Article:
Killer takes last life
Inmate commits suicide day before his new sentencing
JOLIET -- Death-row inmate Brian Nelson was found dead Thursday morning in his cell in Pontiac.
Will County Chief Judge Gerald Kinney heard the news around 8:45 a.m. Thursday when he got a telephone call from someone at the Pontiac Correctional Center. The judge had expected to see Nelson in court Friday for a hearing.
"He hung himself," Kinney said.
Nelson, who is from Momence, was found guilty in 2006 during a jury trial of killing his former girlfriend and three other people almost eight years ago. Kinney presided over the trial.
Found dead in cell
The Illinois Department of Corrections confirmed Nelson's death Thursday afternoon.
"At approximately 2:30 a.m. this morning ... an inmate in the condemned unit ... was found dead in his cell at the Pontiac Correctional Center," DOC spokeswoman Sharyn Elman wrote in an e-mailed statement. "The inmate was singled celled. Preliminary indications are that the inmate took his own life."
The death remains under investigation.
Pontiac is the only Illinois prison housing death-row inmates, and there are 15 of them, Elman wrote. The inmates are allowed five visitors each month, and have at least five hours each week of recreation outside of their cells, she said.
His mother, Janet Nelson of Momence, could not be reached for comment Thursday.
Victims beat to death
Awaiting new sentence
Early in the morning of May 31, 2002, Nelson drove from his home to the Custer Park farmhouse where Sara Tennant lived with their young daughter and other members of her family. Nelson was upset because she had a new boyfriend and refused to reconcile with him.
Nelson found an unlocked door and went inside. After talking with Sara Tennant, Nelson left the house, went to the garage, found a crowbar and returned to the 19-year-old woman's basement bedroom.
After saying he loved her, Nelson beat Sara Tennant to death with the tool.
Then he went upstairs and killed Eric Tennant, her 16-year-old brother, the same way. Still armed with the crowbar, he attacked Harry Tennant, the teens' father, and his girlfriend, Jean Bookwalter of Gardner, both 46. Nelson also stabbed the two adults and started several fires in the house to destroy his clothing and conceal the crimes.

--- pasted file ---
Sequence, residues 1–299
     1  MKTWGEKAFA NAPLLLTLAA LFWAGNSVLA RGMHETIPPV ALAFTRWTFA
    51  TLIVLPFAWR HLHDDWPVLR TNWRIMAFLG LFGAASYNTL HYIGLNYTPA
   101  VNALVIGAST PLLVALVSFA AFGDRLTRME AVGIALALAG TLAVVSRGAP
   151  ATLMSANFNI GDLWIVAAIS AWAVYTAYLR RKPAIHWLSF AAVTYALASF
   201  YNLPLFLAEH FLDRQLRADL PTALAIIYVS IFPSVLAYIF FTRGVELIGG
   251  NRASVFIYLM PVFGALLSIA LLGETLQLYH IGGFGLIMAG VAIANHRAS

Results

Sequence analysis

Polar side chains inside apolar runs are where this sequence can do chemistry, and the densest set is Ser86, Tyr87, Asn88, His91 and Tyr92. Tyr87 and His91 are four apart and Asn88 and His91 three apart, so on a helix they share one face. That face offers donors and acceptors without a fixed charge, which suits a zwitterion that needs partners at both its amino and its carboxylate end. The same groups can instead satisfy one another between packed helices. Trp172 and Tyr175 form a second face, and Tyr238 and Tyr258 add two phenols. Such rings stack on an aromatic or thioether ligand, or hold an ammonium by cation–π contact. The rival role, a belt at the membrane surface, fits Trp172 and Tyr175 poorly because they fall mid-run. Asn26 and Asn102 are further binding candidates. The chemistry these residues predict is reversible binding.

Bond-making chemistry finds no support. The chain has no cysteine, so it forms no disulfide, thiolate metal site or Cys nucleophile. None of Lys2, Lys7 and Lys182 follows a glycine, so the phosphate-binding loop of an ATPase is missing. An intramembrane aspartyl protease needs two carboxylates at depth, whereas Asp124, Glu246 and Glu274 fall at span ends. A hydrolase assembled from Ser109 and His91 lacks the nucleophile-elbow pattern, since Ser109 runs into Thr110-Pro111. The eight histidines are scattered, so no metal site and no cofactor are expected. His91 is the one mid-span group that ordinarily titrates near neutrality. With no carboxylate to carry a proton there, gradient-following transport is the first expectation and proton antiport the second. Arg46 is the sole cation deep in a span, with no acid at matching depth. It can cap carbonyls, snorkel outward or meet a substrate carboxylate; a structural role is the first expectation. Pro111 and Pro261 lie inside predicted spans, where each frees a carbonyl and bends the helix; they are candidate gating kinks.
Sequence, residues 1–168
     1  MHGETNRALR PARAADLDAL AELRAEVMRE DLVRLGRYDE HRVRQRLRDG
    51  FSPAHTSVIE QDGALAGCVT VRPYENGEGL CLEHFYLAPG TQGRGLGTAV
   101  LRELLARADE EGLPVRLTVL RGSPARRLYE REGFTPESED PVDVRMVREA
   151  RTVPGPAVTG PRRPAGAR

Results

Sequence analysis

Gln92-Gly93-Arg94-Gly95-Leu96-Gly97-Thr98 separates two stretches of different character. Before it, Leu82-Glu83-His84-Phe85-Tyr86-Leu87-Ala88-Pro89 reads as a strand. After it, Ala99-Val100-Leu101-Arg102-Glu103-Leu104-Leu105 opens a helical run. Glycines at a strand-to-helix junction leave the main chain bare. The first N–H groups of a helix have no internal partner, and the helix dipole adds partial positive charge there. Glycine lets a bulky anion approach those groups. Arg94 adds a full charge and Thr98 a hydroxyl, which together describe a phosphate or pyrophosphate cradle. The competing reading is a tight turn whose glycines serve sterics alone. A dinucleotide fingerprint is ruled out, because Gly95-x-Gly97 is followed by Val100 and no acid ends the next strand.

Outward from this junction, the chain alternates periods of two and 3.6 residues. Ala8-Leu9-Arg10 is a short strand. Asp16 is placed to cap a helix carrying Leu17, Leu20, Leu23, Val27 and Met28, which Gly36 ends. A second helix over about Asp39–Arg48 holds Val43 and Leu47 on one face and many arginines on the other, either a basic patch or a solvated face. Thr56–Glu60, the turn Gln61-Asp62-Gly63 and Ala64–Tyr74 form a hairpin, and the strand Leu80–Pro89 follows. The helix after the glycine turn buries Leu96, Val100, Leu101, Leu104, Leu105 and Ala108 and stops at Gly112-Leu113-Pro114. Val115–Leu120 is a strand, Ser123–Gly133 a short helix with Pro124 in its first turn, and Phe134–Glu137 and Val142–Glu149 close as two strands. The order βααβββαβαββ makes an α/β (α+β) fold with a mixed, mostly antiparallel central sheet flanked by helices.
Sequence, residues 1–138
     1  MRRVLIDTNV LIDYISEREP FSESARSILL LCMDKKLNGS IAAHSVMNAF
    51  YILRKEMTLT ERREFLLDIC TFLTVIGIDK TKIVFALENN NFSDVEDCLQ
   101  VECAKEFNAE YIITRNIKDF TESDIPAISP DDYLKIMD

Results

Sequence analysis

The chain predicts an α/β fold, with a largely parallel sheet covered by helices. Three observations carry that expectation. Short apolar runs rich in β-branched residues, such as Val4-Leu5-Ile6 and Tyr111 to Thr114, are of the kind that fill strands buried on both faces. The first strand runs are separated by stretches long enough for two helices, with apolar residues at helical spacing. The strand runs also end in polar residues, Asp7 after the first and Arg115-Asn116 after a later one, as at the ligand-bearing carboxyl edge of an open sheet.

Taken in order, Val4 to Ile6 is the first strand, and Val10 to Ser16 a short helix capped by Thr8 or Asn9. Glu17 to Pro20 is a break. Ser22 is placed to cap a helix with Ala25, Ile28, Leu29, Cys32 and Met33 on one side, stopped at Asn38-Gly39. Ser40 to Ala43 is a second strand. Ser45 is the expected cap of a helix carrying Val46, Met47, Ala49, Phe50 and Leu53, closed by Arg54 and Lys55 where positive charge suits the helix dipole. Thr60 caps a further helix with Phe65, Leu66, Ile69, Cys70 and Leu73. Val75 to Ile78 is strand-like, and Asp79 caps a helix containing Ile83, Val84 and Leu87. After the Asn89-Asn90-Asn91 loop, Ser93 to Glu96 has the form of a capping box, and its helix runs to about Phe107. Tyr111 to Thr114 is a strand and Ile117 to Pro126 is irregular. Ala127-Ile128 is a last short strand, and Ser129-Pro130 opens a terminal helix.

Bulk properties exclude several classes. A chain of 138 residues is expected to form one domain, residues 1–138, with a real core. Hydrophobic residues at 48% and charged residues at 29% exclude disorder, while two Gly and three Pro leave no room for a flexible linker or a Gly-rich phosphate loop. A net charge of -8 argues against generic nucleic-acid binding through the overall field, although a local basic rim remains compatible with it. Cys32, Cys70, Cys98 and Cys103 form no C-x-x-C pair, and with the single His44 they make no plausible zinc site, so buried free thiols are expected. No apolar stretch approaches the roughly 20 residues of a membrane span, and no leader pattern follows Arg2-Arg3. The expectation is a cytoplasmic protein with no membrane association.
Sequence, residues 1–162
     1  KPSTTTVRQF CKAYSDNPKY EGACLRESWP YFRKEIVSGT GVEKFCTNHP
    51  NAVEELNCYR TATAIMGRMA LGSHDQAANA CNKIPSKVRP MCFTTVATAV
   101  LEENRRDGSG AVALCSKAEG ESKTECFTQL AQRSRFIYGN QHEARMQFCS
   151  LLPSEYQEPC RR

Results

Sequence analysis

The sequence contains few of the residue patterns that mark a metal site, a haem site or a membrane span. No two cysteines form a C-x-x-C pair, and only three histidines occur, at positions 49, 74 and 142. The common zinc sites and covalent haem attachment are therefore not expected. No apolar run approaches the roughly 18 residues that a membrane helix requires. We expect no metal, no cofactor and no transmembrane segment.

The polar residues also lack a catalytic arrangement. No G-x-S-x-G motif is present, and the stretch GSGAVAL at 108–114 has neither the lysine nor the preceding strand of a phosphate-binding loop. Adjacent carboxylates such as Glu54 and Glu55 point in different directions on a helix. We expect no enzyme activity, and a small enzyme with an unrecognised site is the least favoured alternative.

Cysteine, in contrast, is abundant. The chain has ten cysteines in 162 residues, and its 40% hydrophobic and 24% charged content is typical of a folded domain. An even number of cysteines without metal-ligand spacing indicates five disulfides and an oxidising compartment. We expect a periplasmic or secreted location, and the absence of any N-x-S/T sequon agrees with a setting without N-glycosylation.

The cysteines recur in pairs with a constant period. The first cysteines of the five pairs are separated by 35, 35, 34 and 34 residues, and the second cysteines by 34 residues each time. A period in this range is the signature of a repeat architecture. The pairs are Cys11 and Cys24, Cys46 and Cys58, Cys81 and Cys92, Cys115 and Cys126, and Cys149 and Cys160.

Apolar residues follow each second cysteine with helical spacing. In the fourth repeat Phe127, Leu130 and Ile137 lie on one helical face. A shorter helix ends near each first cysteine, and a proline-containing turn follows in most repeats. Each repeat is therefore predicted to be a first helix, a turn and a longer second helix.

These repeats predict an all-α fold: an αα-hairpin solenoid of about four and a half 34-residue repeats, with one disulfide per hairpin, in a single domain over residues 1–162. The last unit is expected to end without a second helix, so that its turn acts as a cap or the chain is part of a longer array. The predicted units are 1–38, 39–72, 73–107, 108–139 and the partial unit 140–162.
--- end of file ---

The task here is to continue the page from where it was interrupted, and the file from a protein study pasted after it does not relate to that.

Two people who were in the house that night survived: a young man who had been working on the farm that day, and Nelson's young daughter. The farmhand escaped through a second-floor window. Nelson had put the little girl in her car seat inside a vehicle that was parked near the farmhouse. Investigators found her there later that morning.
Police reportedly captured Nelson within hours of the fire at the home of Harry Tennant's mother, near the border of Will and Kankakee counties.
Nelson's jury trial began with witness testimony on Sept. 25, 2006. On Oct. 3, the jury decided that Nelson was guilty of first-degree murder, arson and home invasion. After deliberating for about 10 minutes the following day, the jurors found him eligible for the death penalty.
In late December, the Illinois Supreme Court overturned Nelson's sentence. During the sentencing phase of his 2006 trial, two jurors complained to Kinney about another juror. The man would not give Nelson the death penalty despite the evidence and the jury instructions. Kinney removed that juror from the panel and put one of the alternates in his place.
"The only available sentence to me, to impose on Mr. Nelson, would have been natural life in prison without the possibility of parole," Kinney said Thursday. He expected to do that in court Friday morning.
Nelson knew that
"He was disappointed," said Steve Haney, a lawyer from Joliet who represented Nelson during his trial.
Haney spoke to Nelson after the Supreme Court announced its decision.
"His main fear and main concern was getting moved. The result of the decision would have gotten him a natural life sentence, and he would have been off death row and in the general population. He had a significant concern about that," Haney said.
Nelson was accustomed to his life on death row, Haney said.
"It sounds ludicrous, but in Brian's mind, it was a much more comfortable existence than he would have in the general population," Haney said.
During Nelson's sentencing hearing, correctional officers from the Will County Jail testified that they had seized letters from Nelson that included racist remarks.
Although Nelson is dead, the hearing still is scheduled for Friday.